Sunday, April 18, 2010

Sea Kayaking

This post is comparably dull, but I just wanted it to go on the record that today we went sea kayaking in Simon's Town. The weather was beautiful, the water was wet (and salty), and we saw seals about 10 feet away from our kayak. Well, the seals might have been 20 feet away, but they were pretty darn close. They would come up above the water wringing fish this way and that. The food chain in action! We also got quite close to the African (Jackass) penguins. However, when they saw the seal thrashing the fish about in the water, they backed their littles selves right back up the rock where they were standing. Smart birds. What a great day to be on the water.

Saturday, April 17, 2010

Make Plans to Break Plans

"Life is what happens to you while you're busy making other plans." -John Lennon

There is a certain amount of planning that should take place in one’s life, an amount that should not be exceeded. We make a plan, and that plan begins as our plan. But as we begin to execute the plan, it becomes someone, or something, else’s. We only have a certain amount of control over our lives. The rest is up to some other cosmic being, or a web of human interconnectedness, or some intricate global balancing scale. Or chance—coincidence, if you will. Call it whatever you’d like, but I prefer to think that there is a reason for everything that happens.

This afternoon Laurie and I were on a mission: We would go into the city centre to the Harley-Davidson shop there to purchase gifts for our motorcycle-loving fathers. (It is very easy to choose a gift when your father is fond of Harley-Davidsons, and I am grateful for this!) Had we not stopped for coffee and postcards, we would have arrived at the shop before it closed. As it would be, we arrived at 2:03. That’s 3 minutes past 14:00. So we laughed at ourselves, rejoiced at the fact that yes, we could indeed navigate our way through the city, and proceeded with the rest of our plan.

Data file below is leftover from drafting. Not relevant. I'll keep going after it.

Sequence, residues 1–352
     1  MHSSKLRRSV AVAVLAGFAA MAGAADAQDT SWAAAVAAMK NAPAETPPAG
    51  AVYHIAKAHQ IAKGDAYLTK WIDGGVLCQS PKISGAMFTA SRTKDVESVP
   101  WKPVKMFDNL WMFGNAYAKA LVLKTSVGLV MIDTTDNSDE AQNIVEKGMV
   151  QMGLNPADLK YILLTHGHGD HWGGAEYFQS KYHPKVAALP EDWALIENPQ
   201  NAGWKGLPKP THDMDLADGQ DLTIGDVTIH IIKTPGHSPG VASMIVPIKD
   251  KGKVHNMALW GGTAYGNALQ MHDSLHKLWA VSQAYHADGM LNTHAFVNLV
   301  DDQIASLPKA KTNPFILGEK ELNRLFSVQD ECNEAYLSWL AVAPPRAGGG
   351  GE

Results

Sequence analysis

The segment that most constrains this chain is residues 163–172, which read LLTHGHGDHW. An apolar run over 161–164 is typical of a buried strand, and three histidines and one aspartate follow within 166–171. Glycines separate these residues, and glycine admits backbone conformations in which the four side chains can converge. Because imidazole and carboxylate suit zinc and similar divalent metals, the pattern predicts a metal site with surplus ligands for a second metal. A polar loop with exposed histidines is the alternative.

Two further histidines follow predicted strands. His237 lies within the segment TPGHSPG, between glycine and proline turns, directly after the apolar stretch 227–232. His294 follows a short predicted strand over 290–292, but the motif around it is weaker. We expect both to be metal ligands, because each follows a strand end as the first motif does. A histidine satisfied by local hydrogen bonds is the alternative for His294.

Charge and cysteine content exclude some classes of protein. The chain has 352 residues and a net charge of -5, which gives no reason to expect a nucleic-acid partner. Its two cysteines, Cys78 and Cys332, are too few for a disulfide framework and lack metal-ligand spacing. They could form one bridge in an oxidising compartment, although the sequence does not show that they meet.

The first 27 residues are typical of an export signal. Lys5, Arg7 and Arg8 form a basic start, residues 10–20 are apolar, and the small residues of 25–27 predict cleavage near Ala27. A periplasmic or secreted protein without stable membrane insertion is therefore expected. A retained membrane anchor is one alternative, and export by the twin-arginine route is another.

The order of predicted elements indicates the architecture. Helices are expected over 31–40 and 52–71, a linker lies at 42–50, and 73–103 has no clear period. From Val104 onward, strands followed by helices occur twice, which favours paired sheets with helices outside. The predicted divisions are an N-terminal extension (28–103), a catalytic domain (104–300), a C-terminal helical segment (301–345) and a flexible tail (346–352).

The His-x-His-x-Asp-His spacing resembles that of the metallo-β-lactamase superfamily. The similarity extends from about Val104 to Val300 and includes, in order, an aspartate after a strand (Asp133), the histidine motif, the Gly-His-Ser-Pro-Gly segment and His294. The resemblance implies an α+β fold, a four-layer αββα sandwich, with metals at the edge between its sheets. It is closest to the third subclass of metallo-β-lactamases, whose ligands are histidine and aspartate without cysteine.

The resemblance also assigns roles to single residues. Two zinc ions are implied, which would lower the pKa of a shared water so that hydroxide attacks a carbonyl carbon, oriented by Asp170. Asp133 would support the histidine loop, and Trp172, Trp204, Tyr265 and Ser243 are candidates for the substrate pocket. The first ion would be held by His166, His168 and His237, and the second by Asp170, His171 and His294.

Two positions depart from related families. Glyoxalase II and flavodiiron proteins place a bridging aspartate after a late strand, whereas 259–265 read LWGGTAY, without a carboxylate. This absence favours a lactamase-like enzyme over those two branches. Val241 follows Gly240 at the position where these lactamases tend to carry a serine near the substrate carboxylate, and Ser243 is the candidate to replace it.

The main event of our day was to go to the Bookery – a room somewhere in town that Equal Education has rented so as to collect books that will soon be donated to a school library. Laurie and I were going to help laminate the covers of the 3,000 books that will soon be donated. The many security guards (who are extremely friendly and helpful, by the way) were kind enough to point us in the right direction when our own sense of direction was becoming less keen. When we were probably about 5 minutes from our destination, we noticed that a filming was taking place on a side street we were passing. So naturally we observed for a few minutes what was going on, wondered if we were trespassing on some sacred piece of ground, decided it was okay, and continued walking further down Commercial Street.

Although this particular street is not the Hollywood of filming commercials, this particular filming did in fact turn out to be for a Coca-Cola commercial. Standing on the sidewalk, leaning against the wall of a building, we watched the set crew fasten the “sun” – a huge stage light covered with tinted film – to the outside of the bus. Inside the bus, a makeup artist was touching up the faces of a dreamy blond-haired boy and a pleasantly plump white-haired granny. We waved to the granny whose eyes had met ours, and her face lit up. She smiled a great big joyful smile, the kind that only a white-haired grandmother can smile.

A few minutes later I noticed a gentleman standing to my left. Oh, another spectator, I thought. I continued watching the set crew balance carefully atop ladders, working adamantly to properly attach the sun to the side of the bus. I was enjoying watching the whole process play itself out, remembering the many stories my sister shared with me about her experiences working on a film set (for the movie “The Fields”) as a makeup artist. It is really an excruciatingly long process. The older gentleman nudged my arm and struck up a conversation. He, it turns out, has been married to the white-haired granny on the bus for 41 years.